2019 Honda CB300R

First Ride Review

If you’re a new rider, downsizing or just looking to add something small and fun to your fleet, times are good. Small bikes are no longer tragically un-hip, parts bin afterthoughts, and unlike the year 2000 when I bought my first brand new motorcycle, there’s something out there for everyone. Even the Honda Rebel is cool. Good times, indeed.

And if what you’re looking for is something easy to handle, lightweight and capable of cruising at 75 mph all day, with today’s trendy neo-retro look and a sub-$5,000 price tag, make your way to your local Honda dealer (there are more than 1,200 nationwide) and ask to see the 2019 CB300R.

The CB300R replaces the CB300F for the 2019 model year, and as far as I can tell it’s a better bike in every way. The F’s sporty naked-bike styling was getting a little stale in my eyes, but the R’s improvements go a long way past a restyle. The new bike is smaller, lighter and tighter, with a new chassis and suspension and available IMU-based 2-channel ABS.

Honda says its focus when recreating the CB300 was weight savings, so just about every change interacts with that goal in some way. The biggest is the chassis, a two-piece design with a tubular steel main frame and a separate, strengthened pivot plate to which the rear shock mounts. A new shorter swingarm with a gull-wing design on the right side allows the new muffler to be mounted as far inboard as possible for mass centralization.

Thanks largely to the chassis and exhaust changes, claimed wet weight on the standard CB300R is only 313 pounds. Our ABS-equipped test bike weighs 318 pounds wet, so that’s a loss of 36 pounds vs. the outgoing CB300F ABS. That also makes it at least 32 pounds lighter than its closest competitor, BMW’s G 310 R.

Handling has been improved with a 41mm non-adjustable Showa inverted fork replacing the old 37mm standard unit, a wider handlebar mounted for a more upright riding position, and a more horizontally-mounted rear shock with a larger piston valve and 7-position adjustable preload. Spring rates at both ends were tweaked for the lighter load, but at 135 pounds I still found it stiff enough for sporty riding.

Rake and trail have been tightened, which combined with the chassis and swingarm changes result in a 1-inch shorter wheelbase. Seat height did increase more than an inch, to 31.5 inches, but EIC Tuttle and his 29-inch inseam was able to easily get the balls of both feet solidly on the ground.

Speaking of the seat, it leaves a lot to be desired, especially after a 100-plus-mile press launch ride around Big Bear Lake followed by another 110 freeway miles home. It’s hard and thin, and can dig uncomfortably into the rider’s thighs at a stop. With feet on the pegs it’s better, but my bum cried “uncle” after 40 numbing miles on I-210. Fortunately it was time for a gas stop, and 1.996 gallons of regular later I calculated I was on track to get almost 200 miles from my first 2.7-gallon tankful.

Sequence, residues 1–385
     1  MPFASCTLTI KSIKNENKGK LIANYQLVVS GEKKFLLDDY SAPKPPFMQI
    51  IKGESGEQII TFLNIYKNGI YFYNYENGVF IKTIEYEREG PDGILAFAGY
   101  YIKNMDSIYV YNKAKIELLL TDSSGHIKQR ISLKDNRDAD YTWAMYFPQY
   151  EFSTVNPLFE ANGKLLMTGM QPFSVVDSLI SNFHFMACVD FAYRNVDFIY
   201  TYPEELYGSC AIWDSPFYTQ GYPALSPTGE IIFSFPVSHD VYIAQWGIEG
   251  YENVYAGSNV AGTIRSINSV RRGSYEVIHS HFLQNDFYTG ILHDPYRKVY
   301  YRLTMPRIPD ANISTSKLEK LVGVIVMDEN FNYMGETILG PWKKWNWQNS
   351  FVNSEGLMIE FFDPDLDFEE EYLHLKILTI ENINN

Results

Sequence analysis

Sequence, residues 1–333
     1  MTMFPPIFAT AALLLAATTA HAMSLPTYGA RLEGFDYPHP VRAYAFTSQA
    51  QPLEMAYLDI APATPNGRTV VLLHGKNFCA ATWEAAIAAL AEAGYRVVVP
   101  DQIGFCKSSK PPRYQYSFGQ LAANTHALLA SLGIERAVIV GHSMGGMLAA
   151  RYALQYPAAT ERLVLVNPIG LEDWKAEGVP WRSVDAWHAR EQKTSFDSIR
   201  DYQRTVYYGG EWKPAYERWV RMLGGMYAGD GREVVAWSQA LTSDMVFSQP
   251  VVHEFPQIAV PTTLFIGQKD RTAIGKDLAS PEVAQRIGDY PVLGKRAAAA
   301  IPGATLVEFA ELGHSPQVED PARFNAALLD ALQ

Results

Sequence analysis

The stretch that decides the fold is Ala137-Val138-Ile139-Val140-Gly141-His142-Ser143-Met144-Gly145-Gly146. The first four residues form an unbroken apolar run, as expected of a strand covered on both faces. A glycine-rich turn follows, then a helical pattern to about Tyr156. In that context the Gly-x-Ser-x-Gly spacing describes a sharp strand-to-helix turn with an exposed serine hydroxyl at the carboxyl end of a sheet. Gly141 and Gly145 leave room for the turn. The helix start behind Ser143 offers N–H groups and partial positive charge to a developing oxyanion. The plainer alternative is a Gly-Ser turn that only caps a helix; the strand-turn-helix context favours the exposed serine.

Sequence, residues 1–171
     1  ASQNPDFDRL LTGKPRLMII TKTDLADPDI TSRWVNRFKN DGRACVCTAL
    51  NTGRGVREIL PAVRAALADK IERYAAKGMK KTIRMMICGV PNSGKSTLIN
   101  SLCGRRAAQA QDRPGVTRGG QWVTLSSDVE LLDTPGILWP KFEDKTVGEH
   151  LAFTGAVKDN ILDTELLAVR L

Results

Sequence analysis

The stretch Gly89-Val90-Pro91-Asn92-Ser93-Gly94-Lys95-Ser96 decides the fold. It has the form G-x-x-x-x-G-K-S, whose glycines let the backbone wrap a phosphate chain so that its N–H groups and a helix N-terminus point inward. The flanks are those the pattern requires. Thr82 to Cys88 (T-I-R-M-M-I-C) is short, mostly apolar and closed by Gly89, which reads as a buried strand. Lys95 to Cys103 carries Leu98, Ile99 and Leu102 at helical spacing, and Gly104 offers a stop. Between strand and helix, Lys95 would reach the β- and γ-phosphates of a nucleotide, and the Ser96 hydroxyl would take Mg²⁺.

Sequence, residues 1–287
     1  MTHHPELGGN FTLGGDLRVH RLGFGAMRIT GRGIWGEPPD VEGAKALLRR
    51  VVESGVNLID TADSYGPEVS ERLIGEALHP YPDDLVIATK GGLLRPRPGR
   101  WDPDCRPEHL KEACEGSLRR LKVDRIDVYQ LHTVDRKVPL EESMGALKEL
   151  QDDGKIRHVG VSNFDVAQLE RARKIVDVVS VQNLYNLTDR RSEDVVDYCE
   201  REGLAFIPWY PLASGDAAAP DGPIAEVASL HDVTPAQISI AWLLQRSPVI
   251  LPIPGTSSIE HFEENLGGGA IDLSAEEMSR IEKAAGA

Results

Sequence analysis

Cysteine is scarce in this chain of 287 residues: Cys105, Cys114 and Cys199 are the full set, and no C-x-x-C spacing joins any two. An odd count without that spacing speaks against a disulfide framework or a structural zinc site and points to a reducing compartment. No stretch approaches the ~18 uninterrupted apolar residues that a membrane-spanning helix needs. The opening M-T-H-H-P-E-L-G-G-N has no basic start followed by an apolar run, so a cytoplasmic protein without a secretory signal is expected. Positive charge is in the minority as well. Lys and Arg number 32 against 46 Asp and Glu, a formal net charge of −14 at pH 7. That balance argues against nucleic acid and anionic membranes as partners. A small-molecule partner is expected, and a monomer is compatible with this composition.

We’re betting not many CB300R owners will be doing much touring though, and in its element–around town and on twisty roads–the little CB shines. The short wheelbase, comfortable, upright riding position and light weight combine to create an extremely agile, fun ride. Power delivery is smooth and controlled, and the tighter the twisties the better; keep the revs up and you’ll have as much fun–if not more–as you would on a more powerful machine.

The 286cc DOHC single is mostly unchanged, although Honda says the intake was revised slightly for better airflow, resulting in improved acceleration performance. Although Honda doesn’t provide claimed horsepower figures, a rep mentioned that it makes 28.5 at the crank, and in our last test of the CBR300R with the same engine (except the new intake), it made 27.6 at the rear wheel.

On the freeway, it works hard but will cruise at 75 to 80 mph (necessary to avoid being run over by SoCal drivers taking advantage of those rare occasions when they aren’t crawling along in six lanes of traffic purgatory) for as long as your rear end can take it.

It’s also worth noting that maintaining those speeds continuously will do a number on your fuel economy; mine dropped from an impressive 73.8 MPG on the mix of city and canyon riding of the press launch to 54.5 during my wide-open throttle freeway sprint home.

Reining in this ferocious 318-pound beast is a 296mm “hubless” floating front disc with radial-mount 4-piston Nissin caliper and a 220mm rear disc with single-piston Nissin caliper. My particular beast was also equipped with optional ABS ($300), which uses a pitch-sensitive IMU to reduce the chance of the rear wheel rising off the ground under hard braking–a trick feature on such an affordable machine.

We’ll be putting more miles on our CB300R in the coming weeks, so look for a thorough road test review in Rider. But so far, we have to say the “neo-sports café” R is the step forward the CB300 needed and it should be on your short list if you’re a new rider or simply want something small, light and fun.